Education: Center For Literacy Classes Offer Adult Learners Help, Hope

Education: Center For Literacy Classes Offer Adult Learners Help, Hope
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Adult illiteracy is a major issue in Philadelphia, with more than two-thirds of the adult population classified as low literate – meaning they do not have the basic skills necessary for the modern workplace, according to a report published by the Philadelphia Workforce Investment Board.

Center for Literacy (CFL) is a 50-year-old, longstanding institution that works to combat adult illiteracy, and Vann DeLaine, who is an area coordinator for CFL, is doing his part to help.

Dornsife Center

“We have people from age 17 to age 80, and it’s been one of the most exciting jobs I’ve ever had,” said DeLaine, 60, who teaches classes that cover both English and math. He also coordinates and trains tutors who work one-on-one with students.

DeLaine, who works out of the Drexel University Dornsife Center that partnered with CFL two years ago, has been employed by the nonprofit for 20 years. In that time, he has seen it transform from a solely tutor-based endeavor to a large and thriving organization that includes a number of programs designed to benefit Philadelphians looking for a chance to improve their lives through education.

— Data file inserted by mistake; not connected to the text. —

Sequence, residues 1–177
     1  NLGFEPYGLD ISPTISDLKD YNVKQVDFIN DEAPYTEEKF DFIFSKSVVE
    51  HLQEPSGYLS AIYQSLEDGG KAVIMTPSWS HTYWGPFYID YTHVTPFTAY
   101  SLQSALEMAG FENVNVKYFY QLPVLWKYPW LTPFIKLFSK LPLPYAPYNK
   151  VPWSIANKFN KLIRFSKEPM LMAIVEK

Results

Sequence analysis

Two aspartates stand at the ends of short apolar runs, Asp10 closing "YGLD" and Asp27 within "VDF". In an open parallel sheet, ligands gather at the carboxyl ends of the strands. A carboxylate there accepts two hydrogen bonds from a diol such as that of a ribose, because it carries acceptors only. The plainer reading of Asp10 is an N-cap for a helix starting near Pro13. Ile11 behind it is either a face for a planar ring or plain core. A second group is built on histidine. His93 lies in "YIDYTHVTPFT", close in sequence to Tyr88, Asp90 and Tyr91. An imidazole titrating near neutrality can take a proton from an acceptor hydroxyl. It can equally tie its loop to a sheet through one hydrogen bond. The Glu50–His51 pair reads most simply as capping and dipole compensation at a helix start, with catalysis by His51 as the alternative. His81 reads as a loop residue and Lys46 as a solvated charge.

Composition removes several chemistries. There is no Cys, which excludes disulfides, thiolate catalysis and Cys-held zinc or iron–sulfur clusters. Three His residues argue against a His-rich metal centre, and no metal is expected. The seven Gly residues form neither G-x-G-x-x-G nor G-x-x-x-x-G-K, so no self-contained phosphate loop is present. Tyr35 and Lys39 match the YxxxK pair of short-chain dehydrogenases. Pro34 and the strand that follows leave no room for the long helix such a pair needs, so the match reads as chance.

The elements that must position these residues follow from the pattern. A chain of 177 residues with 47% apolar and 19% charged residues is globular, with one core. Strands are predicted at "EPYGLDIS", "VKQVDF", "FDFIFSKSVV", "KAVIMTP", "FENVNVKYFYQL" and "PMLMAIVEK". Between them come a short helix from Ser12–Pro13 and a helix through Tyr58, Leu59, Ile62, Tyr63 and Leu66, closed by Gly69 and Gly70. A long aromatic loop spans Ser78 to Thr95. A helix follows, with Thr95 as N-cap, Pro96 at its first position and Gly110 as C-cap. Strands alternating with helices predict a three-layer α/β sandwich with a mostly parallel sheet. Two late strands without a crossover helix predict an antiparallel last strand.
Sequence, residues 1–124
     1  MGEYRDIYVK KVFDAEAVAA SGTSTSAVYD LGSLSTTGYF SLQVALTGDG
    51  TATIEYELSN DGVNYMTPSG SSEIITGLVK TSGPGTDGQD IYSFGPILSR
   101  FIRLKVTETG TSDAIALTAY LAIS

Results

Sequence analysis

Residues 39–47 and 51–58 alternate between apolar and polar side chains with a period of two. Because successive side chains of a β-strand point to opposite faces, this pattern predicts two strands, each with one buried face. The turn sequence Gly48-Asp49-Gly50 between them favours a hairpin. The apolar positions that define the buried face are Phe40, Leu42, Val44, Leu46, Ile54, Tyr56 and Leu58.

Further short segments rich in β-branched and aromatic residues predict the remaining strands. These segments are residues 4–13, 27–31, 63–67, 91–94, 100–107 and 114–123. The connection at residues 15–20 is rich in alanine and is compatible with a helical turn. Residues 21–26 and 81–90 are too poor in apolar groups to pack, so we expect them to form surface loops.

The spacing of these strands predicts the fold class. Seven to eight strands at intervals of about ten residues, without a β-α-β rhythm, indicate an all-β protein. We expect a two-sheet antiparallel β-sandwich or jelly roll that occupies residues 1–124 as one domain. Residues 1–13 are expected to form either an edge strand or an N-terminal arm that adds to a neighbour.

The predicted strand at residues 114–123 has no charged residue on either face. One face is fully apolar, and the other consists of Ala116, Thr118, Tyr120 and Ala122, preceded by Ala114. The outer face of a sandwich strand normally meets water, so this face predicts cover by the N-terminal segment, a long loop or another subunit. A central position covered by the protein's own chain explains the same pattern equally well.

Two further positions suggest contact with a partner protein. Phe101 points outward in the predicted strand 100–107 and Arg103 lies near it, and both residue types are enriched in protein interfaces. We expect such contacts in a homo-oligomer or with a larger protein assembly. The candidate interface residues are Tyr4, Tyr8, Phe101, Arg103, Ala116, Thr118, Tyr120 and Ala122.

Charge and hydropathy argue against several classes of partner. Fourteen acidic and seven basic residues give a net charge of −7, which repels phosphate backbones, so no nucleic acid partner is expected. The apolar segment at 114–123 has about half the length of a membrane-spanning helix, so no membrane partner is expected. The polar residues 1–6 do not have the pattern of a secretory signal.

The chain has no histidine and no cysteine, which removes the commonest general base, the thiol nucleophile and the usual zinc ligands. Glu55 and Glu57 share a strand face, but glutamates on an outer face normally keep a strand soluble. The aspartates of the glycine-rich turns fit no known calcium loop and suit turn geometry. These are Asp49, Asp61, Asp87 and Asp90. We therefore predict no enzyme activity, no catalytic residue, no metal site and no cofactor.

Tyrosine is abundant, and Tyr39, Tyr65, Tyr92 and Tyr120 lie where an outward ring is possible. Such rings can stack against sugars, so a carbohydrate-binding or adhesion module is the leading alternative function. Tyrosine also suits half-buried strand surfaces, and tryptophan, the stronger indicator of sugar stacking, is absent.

the carriage house

“Center for Literacy gives me the opportunity to actually work with people both on the tutoring side and on the learning side,” DeLaine said. “So to see tutors help learners really reach their goals is an amazing thing.”

With 17 locations spread across the city, CFL provides learning opportunities including Adult Basic Education/GED, English as a Second Language, family literacy classes, tutoring, job readiness, case management and career coaching.

In DeLaine’s class, which meets on Mondays and Wednesdays, students expressed great excitement that they would be moving to a separate building on Dornsife’s property known as the “carriage house.” It will have better classrooms than those at their current meeting place in Ryan Hall, as well as more amenities such as textbooks, which they have been forced to do without up to this point.

Center for Literacy

The new classroom means a lot to DeLaine as well, because it will provide more opportunities for his students.

Shuwen Xiao, 28, a native of China who recently came to America for an extended stay, will soon be one of the newest mentors in the tutoring program. After completing the nine hours of required training, she will be helping students in the ESL program.

“I want to teach English as a Second Language because it is my second language,” said Xiao, who went on to say that, to a tutor, “motivation and passion is the most important thing.”

– Text, images and video by Matt McGraw

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